In addition to questions over systems readiness and cybersecurity, the first-ever online census is now working to straighten out issues on the paper-based side of the decennial population count -- all against a ticking clock.
In addition to questions over systems readiness and cybersecurity, the first-ever online census is now working to straighten out problems on the paper-based side of the decennial population count against a ticking clock.
The Government Publishing Office, which the Census Bureau tasked with awarding this contract, is looking to remedy its failed first try. Cenvo, which filed for bankruptcy earlier this year, is unable to execute on the $61 million contract it was awarded in October 2017.
While the 2020 count will rely more heavily on technology than any previous census, the printing and mailing operation still represents a major part of the operations. So GPO is now taking another whack at awarding this single award contract through an August 13 request for proposal.
At the program management review August 3, associate director of the decennial census programs Al Fontenot said GPO hopes to award the contract "by November," more than one year after the initial award and less than 18 months before Census Day 2020.
This "will ensure there is no negative impact on the printing and mailing operation and the overall 2020 census," said Fontenot.
In a statement, the bureau said it "concluded that because of the constitutional mandate to conduct the 2020 Census, it was in the public's interest to terminate Cenveo's contract."
"After several rounds of good faith, aggressive, arm's length negotiations, the parties reached agreement to settle the matter for $5.5 million," the statement reads.
GPO's Office of Inspector General concluded that "GPO contracting officials' mishandling of the award displays a high degree of disregard for GPO practices and procedures" and that "GPO did not do an adequate job of protecting the interests of the government when it awarded the 2020 Census printing and mailing contract to Cenveo." The IG memo was first reported by NPR.
In an Aug. 13 blog post, meanwhile, Census CIO Kevin Smith followed up on previous attempts to allay public concerns about the security of data collected in the population count, which remains one of the bureau's two major "red" risk areas.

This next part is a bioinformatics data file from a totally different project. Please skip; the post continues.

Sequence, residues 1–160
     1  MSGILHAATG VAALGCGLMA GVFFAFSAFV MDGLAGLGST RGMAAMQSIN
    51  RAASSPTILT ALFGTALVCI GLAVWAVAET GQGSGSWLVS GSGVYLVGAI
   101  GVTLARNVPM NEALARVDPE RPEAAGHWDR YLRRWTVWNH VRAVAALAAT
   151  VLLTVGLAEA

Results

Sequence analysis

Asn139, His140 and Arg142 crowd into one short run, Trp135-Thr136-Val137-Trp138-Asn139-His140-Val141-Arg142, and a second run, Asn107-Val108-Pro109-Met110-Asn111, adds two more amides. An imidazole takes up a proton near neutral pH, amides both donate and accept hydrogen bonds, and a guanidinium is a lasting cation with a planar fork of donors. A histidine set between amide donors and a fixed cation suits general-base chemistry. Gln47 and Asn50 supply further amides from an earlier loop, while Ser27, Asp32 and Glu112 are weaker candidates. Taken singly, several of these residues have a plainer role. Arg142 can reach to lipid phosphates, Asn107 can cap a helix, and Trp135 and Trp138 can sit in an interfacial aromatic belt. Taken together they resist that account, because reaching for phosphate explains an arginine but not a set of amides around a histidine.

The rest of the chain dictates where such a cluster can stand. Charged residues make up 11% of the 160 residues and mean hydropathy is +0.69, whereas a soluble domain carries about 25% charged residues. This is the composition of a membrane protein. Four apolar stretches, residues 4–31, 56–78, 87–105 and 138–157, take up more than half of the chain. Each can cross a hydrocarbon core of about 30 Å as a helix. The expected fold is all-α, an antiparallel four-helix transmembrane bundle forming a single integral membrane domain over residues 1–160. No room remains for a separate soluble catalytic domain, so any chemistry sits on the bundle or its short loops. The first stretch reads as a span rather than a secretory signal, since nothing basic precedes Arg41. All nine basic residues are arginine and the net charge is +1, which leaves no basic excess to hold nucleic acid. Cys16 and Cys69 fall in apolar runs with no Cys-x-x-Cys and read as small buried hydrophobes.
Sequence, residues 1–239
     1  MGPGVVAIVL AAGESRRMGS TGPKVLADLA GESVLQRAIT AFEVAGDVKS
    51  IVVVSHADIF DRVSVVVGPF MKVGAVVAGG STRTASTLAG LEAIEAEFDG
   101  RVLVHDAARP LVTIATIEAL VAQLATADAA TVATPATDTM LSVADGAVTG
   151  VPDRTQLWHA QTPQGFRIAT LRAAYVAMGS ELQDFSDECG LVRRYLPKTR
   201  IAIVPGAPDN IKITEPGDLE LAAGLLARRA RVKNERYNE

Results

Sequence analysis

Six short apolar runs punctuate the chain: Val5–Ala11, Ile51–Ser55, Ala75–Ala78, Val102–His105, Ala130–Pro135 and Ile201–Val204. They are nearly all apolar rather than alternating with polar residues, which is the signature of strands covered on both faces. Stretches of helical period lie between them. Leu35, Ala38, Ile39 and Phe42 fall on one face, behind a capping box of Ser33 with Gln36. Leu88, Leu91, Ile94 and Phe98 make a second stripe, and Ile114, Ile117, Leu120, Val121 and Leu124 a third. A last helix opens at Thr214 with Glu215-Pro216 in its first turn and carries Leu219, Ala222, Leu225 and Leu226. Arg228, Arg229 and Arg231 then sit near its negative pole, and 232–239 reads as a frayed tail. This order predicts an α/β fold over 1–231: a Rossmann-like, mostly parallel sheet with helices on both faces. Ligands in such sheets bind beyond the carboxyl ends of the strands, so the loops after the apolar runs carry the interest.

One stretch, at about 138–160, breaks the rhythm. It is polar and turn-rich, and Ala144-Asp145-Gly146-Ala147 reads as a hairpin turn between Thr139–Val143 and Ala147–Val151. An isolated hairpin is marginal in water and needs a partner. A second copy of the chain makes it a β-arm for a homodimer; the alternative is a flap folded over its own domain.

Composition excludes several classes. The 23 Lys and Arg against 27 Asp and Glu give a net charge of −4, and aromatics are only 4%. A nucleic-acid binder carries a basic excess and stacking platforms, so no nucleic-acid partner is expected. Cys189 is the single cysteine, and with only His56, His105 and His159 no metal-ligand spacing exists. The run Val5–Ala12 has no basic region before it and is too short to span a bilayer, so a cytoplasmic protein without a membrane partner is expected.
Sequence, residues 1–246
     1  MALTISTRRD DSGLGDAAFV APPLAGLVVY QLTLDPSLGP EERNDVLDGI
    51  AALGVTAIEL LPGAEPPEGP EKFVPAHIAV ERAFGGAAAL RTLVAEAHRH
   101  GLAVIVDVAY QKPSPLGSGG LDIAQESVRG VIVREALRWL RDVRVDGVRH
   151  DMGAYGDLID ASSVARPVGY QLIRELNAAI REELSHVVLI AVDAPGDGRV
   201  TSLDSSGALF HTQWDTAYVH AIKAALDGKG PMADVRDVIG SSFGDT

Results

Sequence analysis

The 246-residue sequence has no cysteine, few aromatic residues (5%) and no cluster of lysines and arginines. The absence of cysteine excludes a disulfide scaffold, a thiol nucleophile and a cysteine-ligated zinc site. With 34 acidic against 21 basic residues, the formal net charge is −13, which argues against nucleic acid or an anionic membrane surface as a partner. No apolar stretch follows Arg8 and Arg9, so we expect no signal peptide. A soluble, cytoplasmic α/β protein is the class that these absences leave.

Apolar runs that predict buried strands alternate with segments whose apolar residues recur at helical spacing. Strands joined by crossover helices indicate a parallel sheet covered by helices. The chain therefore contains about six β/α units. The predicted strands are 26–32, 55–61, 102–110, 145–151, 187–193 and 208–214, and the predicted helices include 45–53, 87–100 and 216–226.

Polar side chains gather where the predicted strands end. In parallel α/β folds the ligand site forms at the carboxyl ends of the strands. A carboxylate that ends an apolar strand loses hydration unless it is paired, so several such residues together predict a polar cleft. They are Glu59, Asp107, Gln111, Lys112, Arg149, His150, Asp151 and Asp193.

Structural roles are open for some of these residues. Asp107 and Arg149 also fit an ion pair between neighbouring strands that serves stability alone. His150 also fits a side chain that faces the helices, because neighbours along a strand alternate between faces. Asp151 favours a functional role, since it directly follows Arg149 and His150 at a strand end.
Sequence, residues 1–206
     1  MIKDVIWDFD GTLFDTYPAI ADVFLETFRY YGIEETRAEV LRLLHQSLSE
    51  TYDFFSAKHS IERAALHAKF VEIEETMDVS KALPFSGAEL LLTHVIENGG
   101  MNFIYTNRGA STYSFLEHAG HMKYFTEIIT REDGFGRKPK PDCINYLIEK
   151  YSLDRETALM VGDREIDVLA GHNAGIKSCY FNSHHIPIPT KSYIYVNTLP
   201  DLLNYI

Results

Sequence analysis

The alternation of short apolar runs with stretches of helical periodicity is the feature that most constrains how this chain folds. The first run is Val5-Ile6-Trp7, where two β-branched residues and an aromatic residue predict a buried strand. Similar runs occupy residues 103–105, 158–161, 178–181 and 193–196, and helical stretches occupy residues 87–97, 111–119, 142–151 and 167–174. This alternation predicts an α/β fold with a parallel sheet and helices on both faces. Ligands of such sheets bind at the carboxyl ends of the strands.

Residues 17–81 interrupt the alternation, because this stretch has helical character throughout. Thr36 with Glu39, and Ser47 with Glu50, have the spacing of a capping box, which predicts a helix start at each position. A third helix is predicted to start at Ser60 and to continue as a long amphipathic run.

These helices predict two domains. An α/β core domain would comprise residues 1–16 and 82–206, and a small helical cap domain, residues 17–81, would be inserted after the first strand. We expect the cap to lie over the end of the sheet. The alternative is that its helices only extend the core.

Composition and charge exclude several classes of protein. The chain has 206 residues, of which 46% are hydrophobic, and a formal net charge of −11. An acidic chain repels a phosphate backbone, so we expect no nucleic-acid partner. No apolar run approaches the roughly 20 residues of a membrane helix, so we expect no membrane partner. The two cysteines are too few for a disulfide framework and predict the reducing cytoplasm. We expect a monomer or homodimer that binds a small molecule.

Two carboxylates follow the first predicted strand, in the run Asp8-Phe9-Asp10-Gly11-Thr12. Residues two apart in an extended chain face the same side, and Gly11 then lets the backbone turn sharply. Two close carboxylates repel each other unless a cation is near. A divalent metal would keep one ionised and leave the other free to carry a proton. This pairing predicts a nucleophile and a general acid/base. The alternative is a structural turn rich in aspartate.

"I want to stress that our team has been doing everything we can to protect the data, but we are intentionally not saying everything we are doing… to not give the opposing team, adversaries wanting to discredit the federal government, an advantage," he wrote, adding, "[o]ur team is comprised of the Census Bureau, the Census Advisory Committees, federal oversight, the Federal Intelligence Community, and our industry partners."
Also on the tech front, Census has now awarded all of its major IT contracts. However, the bureau still has work to do in developing all the systems it needs before 2020.
The Government Accountability Office and the bureau have long differed on the criteria for what constitutes system "readiness," and GAO recently flagged a software issue with the bureau's data management reporting system. With the 2018 end-to-end test set to wrap up at the end of August, the bureau will need to launch — and secure — eight additional systems between now and the start of the 2020 count.
"We know we have a lot of work to do before the 2020 census," said Atri Kalluri, chief of the bureau's Decennial Information Technology Division, at the most recent program management review. "And all of us staff members, regular employees or contractors, are committed and dedicated to deliver all needed systems and infrastructure that meet the capability requirements… for an immaculate and efficient census."
NEXT STORY: GAO: NNSA needs better contract oversight